Family and friends may call at The Nicholas F. Cognetta Funeral Home & Crematory, 104 Myrtle Avenue, Stamford, CT 06902 on Friday, October 5, 2012 from 4:00-7:00 PM. Inurnment with full military honors will be held at Arlington National Cemetery, VA at a later date.
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#13
(12-31-2012, 06:56 PM)ggreg Wrote: I don't buy that explanation.  I work with people at the top of organisations and they are not idiots.  Let's stop excusing these people like they take some unintelligent parish priest and put him in the chair of Peter.  They are intelligent, ambitious and capable enough to get to the papacy through the various ranks of the church. None of them are dummies.  Far from it.

Montini has betrayed the Catholic Church since at least 1944 through hidden contacts with the soviets and the local italian communists, though his boss, the Pope Pius XII had strictly forbidden this. It is unclear how he collaborated  with the apostate jesuit Alighiero Tondi in the Secretariate of State. Tondi (unknowingly to Montini? That's not sure) provided the soviets with the names of the priests that  Pius XII actually was secretly sending beyond the Iron Curtain where they were all arrested and murdered or sent to the Gulag).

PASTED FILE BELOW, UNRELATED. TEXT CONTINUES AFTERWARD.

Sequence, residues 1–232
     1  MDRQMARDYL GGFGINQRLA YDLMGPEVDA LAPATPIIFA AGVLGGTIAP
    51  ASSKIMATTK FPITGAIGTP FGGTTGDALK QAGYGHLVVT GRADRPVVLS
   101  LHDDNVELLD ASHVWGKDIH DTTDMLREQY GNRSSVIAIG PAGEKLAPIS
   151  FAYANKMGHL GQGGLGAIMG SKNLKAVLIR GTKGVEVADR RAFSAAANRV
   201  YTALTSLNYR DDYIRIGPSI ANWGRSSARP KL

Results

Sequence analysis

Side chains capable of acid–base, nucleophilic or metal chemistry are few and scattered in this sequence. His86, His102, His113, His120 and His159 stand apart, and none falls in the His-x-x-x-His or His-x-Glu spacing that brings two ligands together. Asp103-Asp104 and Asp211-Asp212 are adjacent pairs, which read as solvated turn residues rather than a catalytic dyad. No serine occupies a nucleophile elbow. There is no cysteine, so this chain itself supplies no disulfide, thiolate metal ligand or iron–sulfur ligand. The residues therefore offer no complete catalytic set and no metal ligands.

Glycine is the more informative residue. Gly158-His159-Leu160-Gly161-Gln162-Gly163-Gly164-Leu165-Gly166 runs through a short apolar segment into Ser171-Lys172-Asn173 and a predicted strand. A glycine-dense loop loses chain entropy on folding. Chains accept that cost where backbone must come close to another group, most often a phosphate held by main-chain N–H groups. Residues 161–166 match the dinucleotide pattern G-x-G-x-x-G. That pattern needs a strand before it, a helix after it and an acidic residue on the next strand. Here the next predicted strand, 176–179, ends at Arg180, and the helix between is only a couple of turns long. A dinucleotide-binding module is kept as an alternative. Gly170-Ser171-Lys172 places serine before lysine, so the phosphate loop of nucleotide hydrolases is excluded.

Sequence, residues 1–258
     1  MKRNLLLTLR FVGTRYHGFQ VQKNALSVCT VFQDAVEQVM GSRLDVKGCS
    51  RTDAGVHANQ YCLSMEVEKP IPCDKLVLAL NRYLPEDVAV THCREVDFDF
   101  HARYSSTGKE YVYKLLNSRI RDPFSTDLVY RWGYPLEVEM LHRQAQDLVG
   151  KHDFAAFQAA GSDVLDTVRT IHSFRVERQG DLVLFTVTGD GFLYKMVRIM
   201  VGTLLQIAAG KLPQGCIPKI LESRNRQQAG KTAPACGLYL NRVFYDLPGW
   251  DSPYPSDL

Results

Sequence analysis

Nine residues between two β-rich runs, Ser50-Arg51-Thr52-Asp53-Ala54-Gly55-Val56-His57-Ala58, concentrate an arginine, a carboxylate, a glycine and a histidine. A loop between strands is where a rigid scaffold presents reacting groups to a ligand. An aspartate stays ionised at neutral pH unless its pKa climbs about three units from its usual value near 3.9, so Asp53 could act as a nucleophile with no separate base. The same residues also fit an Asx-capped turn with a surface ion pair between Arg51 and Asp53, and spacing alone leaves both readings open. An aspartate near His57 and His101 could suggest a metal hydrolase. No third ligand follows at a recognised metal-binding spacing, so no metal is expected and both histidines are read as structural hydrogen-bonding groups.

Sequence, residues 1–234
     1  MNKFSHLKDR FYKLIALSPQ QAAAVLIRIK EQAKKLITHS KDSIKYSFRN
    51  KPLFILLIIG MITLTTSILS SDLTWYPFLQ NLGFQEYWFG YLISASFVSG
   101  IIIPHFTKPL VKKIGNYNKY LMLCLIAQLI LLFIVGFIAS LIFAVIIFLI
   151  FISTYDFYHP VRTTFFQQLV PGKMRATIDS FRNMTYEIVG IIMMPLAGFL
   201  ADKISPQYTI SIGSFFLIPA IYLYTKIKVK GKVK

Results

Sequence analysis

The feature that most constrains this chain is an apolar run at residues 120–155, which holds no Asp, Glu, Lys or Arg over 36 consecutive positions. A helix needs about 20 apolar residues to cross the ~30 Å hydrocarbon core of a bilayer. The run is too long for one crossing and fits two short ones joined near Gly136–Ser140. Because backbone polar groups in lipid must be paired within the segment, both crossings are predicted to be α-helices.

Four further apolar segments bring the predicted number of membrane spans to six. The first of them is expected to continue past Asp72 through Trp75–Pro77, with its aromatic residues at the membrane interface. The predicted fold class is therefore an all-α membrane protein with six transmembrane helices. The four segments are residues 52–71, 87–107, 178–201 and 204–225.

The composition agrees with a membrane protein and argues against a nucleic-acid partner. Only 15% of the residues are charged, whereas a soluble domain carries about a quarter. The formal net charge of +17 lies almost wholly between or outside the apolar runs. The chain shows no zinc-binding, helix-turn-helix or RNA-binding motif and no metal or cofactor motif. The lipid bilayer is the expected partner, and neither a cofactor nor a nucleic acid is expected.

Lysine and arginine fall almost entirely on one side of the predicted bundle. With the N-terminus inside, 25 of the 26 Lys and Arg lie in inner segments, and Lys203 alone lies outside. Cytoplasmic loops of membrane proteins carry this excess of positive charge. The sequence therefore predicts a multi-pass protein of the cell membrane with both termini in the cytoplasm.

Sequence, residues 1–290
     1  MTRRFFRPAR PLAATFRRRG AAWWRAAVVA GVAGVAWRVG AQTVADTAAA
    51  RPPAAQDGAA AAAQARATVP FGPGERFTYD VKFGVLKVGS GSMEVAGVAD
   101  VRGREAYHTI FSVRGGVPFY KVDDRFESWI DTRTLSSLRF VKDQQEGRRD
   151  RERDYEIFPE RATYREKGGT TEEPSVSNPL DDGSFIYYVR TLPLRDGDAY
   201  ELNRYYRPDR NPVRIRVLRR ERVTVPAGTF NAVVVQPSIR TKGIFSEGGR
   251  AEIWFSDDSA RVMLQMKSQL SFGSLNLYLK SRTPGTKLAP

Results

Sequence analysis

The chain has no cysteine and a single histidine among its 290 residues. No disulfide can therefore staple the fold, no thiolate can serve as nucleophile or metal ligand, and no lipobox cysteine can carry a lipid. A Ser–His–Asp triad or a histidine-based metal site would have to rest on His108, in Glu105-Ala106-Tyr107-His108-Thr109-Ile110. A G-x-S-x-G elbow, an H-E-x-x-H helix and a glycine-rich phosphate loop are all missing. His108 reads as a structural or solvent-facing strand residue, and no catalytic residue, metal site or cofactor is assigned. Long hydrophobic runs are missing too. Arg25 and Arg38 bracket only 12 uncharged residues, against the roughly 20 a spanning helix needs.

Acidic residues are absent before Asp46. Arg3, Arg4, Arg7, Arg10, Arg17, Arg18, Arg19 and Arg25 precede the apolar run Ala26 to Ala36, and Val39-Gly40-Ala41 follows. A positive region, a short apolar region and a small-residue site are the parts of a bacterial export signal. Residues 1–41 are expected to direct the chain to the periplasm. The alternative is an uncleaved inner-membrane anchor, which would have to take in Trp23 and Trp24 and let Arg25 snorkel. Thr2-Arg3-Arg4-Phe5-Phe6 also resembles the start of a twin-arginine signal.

Tondi was unmasked in the wake of Montini's dismissal after his secret contacts were brought up to the Pope by the french colonel Arnould.
Of course, after that scandal, Pius XII declined to ever name Montini a cardinal.
Usually in many countries, the State betrayal's punishment is the death penalty but to the eyes of John XIII, that of Montini looked a very venial sin: He bestowed Montini the cardinal's hat a few days after he was elected, thus seriously contravening to the late pope's wishes and opening him the road to the papacy.
In the same way, the bloody handed Tondi was rehabilitated. Once he became Pope, Montini even allowed him to marry a communist woman and appointed him again in the Vatican's administration.

AND THEY WANT TO MAKE PAUL VI A SAINT?!!?
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#14
(12-31-2012, 07:53 PM)James02 Wrote:
Quote: What did he think the Vatican could do? How many troops did you expect the Vatican to send over there?

Stood up, condemned the communists.  Rally the South to fight, and rally the Catholic world to aid their brothers.  Instead he refused and now the Vietnamese are slave laborers like the Chinese.

This exchange between the South rep and the Pope is pathetic.  Obviously it would be scandalous to give any honors to such a traitor to the faithful.

Hear, hear.

The Vatican might not have had an army or could not have called a crusade, but it did have the power of speech--which the pope did not use.

The "blistering indictment" seems to be obvious in the pope's lack of helpfulness or support.